Next, I enter the name of the policy I previously created in the Filter policies dialog box. I select the policy I previously created, and select Next: Tags to continue.
I skip adding tags and enter a descriptive name for my new role. I verify that I have attached the proper policy to my new role and select the Create role button.
Now I jump back to my previous browser tab to finish the Batch Operations job creation. I click the refresh button next to the IAM role dropdown box. I select my newly created role, skip adding tags to the job, and select the Next button.
On the next screen, I review my job details for accuracy and select the Create job button.
Add tags with S3 Batch Operations
Once the job is created, I’m redirected to the Batch Operations page on the AWS Management Console. At this point, Batch Operations attempts to read the contents of my CSV file. If my file is formatted correctly, and no IAM-related mistakes have been made, I will soon see a number listed under the Total objects column. The job Status will change from Preparing to Awaiting your confirmation to run. I take this opportunity to verify that the total objects value is what I expected based on my CSV file. If it does not match, I likely selected the wrong CSV file. In this case, the results match my expectations. I now select my new job, and select the Run job button. Batch Operations will present me with a job overview page allowing me to verify my settings. Satisfied that my job is configured correctly, I will select Run job.
Job progress will update periodically and the job status will update to indicate it has completed. I also take note if any errors have occurred. In this case, the job has competed with no errors. I navigate back over to the S3 console and check to see if my object tags have been updated.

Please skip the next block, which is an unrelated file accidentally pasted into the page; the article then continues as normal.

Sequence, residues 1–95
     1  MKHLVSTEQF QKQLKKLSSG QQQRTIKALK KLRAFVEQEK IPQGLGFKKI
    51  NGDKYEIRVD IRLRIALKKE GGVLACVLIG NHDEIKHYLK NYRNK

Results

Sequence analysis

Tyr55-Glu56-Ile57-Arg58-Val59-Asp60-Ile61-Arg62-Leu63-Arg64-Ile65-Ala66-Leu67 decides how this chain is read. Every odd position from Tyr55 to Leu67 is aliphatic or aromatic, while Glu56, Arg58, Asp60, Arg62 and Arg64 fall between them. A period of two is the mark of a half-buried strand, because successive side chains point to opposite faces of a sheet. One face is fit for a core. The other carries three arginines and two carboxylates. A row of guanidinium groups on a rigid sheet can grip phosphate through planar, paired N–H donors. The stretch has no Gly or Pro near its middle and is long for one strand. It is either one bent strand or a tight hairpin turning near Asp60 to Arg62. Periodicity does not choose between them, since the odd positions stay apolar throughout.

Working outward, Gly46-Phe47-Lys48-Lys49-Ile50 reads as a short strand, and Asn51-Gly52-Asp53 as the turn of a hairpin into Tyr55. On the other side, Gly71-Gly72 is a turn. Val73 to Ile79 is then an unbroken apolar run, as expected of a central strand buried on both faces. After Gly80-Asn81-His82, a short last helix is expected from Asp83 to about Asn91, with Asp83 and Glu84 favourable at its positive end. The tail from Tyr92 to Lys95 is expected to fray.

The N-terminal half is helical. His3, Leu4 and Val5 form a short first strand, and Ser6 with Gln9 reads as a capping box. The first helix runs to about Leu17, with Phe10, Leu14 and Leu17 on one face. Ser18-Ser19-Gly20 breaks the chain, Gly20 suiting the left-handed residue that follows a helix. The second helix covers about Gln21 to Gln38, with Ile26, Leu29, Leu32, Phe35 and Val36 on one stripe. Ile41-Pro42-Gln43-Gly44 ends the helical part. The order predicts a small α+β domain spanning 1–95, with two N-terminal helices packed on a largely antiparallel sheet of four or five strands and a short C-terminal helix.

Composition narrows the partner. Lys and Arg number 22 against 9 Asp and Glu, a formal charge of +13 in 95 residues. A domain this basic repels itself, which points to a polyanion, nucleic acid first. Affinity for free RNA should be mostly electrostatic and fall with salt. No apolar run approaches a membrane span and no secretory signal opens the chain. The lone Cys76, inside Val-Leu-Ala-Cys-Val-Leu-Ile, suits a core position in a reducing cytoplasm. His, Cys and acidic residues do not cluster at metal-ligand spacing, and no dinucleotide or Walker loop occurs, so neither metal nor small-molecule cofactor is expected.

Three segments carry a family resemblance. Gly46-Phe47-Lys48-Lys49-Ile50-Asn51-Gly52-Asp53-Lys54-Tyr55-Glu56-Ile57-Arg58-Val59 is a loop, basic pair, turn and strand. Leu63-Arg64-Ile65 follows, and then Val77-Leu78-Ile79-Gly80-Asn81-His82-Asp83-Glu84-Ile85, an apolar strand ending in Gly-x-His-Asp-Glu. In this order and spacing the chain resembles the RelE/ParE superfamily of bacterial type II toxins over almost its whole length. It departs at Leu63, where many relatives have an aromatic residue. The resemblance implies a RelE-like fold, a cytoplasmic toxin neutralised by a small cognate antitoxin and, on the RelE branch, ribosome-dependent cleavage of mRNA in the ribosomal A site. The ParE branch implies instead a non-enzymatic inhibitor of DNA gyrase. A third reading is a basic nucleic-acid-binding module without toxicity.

From the services menu, I choose S3, then I select my bucket and view an object that I previously processed using Batch Operations. On the Properties tab, I navigate to the Tags section and verify that my project_ID tag has been added.
Access policies and lifecycle management
Now that my project data has been properly tagged, I can configure IAM group or user access policies. These groups or policies grant conditional access to my S3 bucket via the
s3:ExistingObjectTag condition. Configuring IAM access policies is out of scope for this document, but for more information view the documentation on tagging and policy creation.
Now the project has run its course and I am ready to archive my dataset. Remember that my business requirements dictate I retain this project data for five years. The requirements also dictate that fine-grained access control for end users does not need to be maintained after five years. To save on costs, I transition these objects to Amazon S3 Glacier using lifecycle rules. Then, I remove the corresponding object tags as they are no longer needed. For more information about lifecycle rules and object tagging, read this blog: “Simplify your data lifecycle by using object tags with Amazon S3 Lifecycle.”
First, to transition objects to Amazon S3 Glacier, I navigate to the S3 console and select my data bucket. On the Management tab, I locate the Lifecycle rules section and select the Create lifecycle rule button.
Here, I provide a descriptive name for my lifecycle rule. I set my rule scope to Limit the scope of this rule using one or more filters, and then select Add tag. In the Key dialog box I enter “project_ID” and in the Value dialog box I enter “007”.
In the Lifecycle rule actions section, I select Transition current versions of objects between storage classes. I choose Glacier from the Storage class transitions dropdown box, and enter “0” in the Days after object creation dialog box. Setting this value to zero means that the next time this lifecycle policy runs (daily at midnight UTC), all of my objects with the tag project_ID:007 will be transitioned to Amazon S3 Glacier. Next, I acknowledge the small object transition warning and select Create rule.